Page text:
81 Holy See

Two vertical bands of yellow (hoist side) and white with the arms of the Holy See, consisting of the crossed keys of Saint Peter surmounted by the three-tiered papal tiara, centered in the white band; the yellow color represents the pope’s spiritual power, the white his worldly power.

Flag courtesy of the CIA World Factbook

Map courtesy of the CIA World Factbook

Google Earth

The facade of St. Peter’s Basilica as viewed from next to one of the two matching Bernini fountains that grace St. Peter’s Square (Piazza) in front of the church. The attic or upper story displays statues of Christ, his apostles, and St. John the Baptist. Constructed over a period of 80 years and consecrated in 1626, the basilica is the largest Christian church in the world – capable of holding some 60,000 people.

Photo courtesy of the CIA World Factbook

Last updated on April 18, 2024


According to Britannica, Holy See, the government of the Roman Catholic Church, which is led by the pope as the bishop of Rome. The word see comes from the Latin sedes, meaning “seat,” which refers to the episcopal chair occupied by a bishop and the area over which he has responsibility. As the preeminent episcopal jurisdiction of the Roman Catholic Church, the Holy See forms the church’s central government and makes decisions on issues of faith and morality for Catholics throughout the world, a population of about 1.3 billion. It resides in Vatican City, an independent state established in 1929 to allow the pope to exercise his universal authority. However, it also functions as a nonterritorial institution whose authority endures even when there is no pope, during sede vacant (“empty seat”), such as the interim between a pope’s death and the election of his successor.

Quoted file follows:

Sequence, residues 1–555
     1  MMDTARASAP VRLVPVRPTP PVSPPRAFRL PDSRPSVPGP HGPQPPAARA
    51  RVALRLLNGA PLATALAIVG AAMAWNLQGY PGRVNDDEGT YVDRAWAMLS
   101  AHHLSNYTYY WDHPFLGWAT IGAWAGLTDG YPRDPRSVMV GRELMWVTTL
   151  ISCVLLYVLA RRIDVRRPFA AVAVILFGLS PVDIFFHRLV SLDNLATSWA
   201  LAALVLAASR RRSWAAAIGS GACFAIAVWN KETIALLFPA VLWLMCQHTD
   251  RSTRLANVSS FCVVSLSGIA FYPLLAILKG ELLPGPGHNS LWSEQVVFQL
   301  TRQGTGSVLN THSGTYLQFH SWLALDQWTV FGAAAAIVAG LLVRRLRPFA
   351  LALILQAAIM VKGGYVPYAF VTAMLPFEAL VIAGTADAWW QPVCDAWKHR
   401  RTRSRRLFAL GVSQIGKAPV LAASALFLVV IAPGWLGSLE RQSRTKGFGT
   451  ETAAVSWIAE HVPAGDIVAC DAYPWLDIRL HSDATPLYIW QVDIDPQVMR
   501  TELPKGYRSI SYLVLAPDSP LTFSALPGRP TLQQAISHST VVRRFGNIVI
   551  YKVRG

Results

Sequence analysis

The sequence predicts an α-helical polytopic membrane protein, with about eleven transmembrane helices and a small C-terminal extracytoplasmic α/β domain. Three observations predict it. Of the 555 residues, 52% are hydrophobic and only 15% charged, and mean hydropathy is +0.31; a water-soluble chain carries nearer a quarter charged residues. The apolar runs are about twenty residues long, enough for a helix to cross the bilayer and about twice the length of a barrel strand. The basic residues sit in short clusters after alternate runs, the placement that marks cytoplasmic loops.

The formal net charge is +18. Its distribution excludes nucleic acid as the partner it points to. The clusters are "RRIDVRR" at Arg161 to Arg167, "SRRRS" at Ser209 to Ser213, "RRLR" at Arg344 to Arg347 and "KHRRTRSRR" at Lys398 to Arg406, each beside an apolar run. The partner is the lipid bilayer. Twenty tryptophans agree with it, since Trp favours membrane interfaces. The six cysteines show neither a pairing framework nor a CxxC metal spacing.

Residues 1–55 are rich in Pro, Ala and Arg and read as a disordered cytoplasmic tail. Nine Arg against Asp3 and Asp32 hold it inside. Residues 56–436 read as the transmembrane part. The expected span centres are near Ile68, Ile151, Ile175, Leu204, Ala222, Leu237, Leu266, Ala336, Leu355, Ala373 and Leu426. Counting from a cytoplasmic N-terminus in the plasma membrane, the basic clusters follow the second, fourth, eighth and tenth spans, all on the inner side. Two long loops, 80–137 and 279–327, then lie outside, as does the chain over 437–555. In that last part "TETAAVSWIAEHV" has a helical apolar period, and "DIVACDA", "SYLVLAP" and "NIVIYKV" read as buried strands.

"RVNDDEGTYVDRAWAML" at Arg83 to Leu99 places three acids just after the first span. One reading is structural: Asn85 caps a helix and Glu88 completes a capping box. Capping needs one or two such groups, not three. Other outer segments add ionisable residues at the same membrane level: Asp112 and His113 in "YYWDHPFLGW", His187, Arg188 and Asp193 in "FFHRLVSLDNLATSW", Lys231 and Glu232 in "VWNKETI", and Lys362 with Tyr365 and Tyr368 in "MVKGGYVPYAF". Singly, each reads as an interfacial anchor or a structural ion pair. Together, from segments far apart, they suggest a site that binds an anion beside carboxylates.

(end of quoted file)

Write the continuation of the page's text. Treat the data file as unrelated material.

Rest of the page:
The Holy See’s administration is a top-down bureaucracy run by the Roman Curia, a group of dicasteries (also known as departments), congregations, and councils with specific functions and responsibilities relating to church matters such as liturgy and worship, religious education, missionary activities, doctrine of the faith, or bishops and clergy. This administrative structure is often likened to a president and prime minister system, with the pope serving as president or head of state and the cardinal secretary of state serving as prime minister or head of government.